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The Firing Season - 5 Coaching Changes

CollegeFootballNews.com
Posted Nov 26, 2012


Five BCS programs canned their coaches. What's next?


By Terry Johnson
Follow me @TPJCollFootball

What Happened?
Auburn dismisses head coach Gene Chizik.

Why Did This Happen?
There's no way to sugarcoat it: the Tigers stunk. No one expected the offense to play at the level that it did in 2010, but it wasn’t supposed to fall off the face of the Earth, either. Auburn simply couldn't score points under new offensive coordinator Scot Loeffler's scheme, causing the Tigers to suffer through one of their worst seasons in school history.

How did things go so horribly wrong this season? Auburn lost nine games, which was its worst showing since it finished 0-10 in 1950, and went winless in SEC play for the first time 1980.

However, the Tigers' last two games placed the final nail in Chizik's coffin. Auburn had absolutely no answers against archrivals Georgia and Alabama, who destroyed them by a margin of 87-0. National championship or not, it's tough for any coach to survive such a disastrous showing against its most heated rivals.

What's Next?
While it's probably a couple of recruiting classes away from contending with the likes of Alabama, LSU, and Texas A&M, there's no reason why the next head coach can't get the Tigers to a bowl game right away. Charlie Strong and Gus Malzahn are the two most commonly mentioned names as Chizik's successor. Bobby Petrino is likely out of the picture, but stranger things have happened.

What Happened?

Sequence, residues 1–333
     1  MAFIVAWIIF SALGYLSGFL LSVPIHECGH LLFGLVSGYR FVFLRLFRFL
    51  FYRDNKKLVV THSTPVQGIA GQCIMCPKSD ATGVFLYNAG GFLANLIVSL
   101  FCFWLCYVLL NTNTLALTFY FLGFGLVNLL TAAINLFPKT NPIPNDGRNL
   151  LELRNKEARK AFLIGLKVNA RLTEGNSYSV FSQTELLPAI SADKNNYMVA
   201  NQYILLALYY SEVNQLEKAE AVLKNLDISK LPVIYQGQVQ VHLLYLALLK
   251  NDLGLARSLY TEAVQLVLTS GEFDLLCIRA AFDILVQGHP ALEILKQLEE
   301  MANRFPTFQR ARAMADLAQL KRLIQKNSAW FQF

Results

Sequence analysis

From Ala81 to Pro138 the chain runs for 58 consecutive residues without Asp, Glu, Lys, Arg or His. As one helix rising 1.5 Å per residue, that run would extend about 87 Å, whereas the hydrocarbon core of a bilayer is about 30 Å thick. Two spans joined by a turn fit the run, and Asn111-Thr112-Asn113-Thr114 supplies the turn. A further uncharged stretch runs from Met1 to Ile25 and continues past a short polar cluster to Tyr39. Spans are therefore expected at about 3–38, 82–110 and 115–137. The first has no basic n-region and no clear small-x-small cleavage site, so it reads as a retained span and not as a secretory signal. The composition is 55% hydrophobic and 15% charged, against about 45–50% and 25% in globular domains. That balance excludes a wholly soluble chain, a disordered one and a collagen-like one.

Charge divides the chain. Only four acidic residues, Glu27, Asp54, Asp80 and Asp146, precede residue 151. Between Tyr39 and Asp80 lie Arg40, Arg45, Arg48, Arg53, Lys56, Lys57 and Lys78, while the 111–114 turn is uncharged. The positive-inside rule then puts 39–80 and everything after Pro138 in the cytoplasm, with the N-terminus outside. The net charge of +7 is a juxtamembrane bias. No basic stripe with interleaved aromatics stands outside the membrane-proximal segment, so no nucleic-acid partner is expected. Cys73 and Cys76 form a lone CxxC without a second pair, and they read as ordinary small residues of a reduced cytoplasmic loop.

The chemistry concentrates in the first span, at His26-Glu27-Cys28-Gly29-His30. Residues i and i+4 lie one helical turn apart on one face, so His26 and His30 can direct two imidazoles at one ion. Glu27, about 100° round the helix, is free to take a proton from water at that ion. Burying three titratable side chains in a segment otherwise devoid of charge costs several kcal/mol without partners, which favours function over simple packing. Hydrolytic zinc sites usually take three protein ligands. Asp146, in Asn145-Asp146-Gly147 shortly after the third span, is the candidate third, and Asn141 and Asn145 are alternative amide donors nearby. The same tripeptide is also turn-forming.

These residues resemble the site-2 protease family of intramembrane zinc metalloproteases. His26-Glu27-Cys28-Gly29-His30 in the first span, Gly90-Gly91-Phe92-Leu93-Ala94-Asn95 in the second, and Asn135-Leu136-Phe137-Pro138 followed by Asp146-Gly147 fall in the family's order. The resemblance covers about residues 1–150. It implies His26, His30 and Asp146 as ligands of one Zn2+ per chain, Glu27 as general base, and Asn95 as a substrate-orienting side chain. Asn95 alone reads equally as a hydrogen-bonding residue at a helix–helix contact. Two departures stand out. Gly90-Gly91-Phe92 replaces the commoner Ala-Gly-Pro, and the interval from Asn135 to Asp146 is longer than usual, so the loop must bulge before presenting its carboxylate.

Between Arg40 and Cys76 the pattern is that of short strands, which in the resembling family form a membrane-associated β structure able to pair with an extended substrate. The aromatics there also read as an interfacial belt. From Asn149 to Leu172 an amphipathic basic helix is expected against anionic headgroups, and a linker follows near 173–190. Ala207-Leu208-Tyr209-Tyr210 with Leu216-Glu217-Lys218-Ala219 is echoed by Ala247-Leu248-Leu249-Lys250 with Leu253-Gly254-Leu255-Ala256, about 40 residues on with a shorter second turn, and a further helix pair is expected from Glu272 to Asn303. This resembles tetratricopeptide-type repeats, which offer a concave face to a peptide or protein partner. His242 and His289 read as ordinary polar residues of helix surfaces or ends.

NC State fires Tom O'Brien after six seasons in Raleigh.

Why Did This Happen?
Contrary to popular opinion, this decision had nothing to do with how O'Brien handled the Russell Wilson situation. Debbie Yow ultimately made this choice because the Wolfpack had failed to meet expectations, and had been one of the most inconsistent teams in the ACC.

Make no mistake about it: NC State expected big things to happen with a veteran, talented team returning. Tennessee demolished the Wolfpack in the opener, which set the tone for the rest of the inconsistent season that didn’t work out nearly as well as planned. More than anything else, though, the program just didn’t seem to be taking any big steps forward. Sure, the 'Pack rebounded to upset Florida State, but they also suffered an embarrassing blowout loss to last-place Virginia later.

Despite pulling some notable upsets under O’Brien’s watch, NC State finished with an underwhelming 22-26 record, with only one winning season in conference play. While that might not seem so bad, it's worth noting that Wolfpack finished eight games under .500 against the Atlantic Division, including a 1-14 record on the road.

What's next?
Of the coaches on the list, O'Brien's dismissal was probably the least expected (although Colorado’s Jon Embree's is a close second). However, it's clear that Yow believes that the pieces are in place to win now, so look for her to bring in someone who’s ready to start from Day One without any sort of a honeymoon period.

What Happened?
Boston College gives Frank Spaziani the boot after four seasons in Chestnut Hill.

Why Did This Happen?
It's simple: Everyone liked him, and the players wanted him around, but Spaziani didn't win enough games.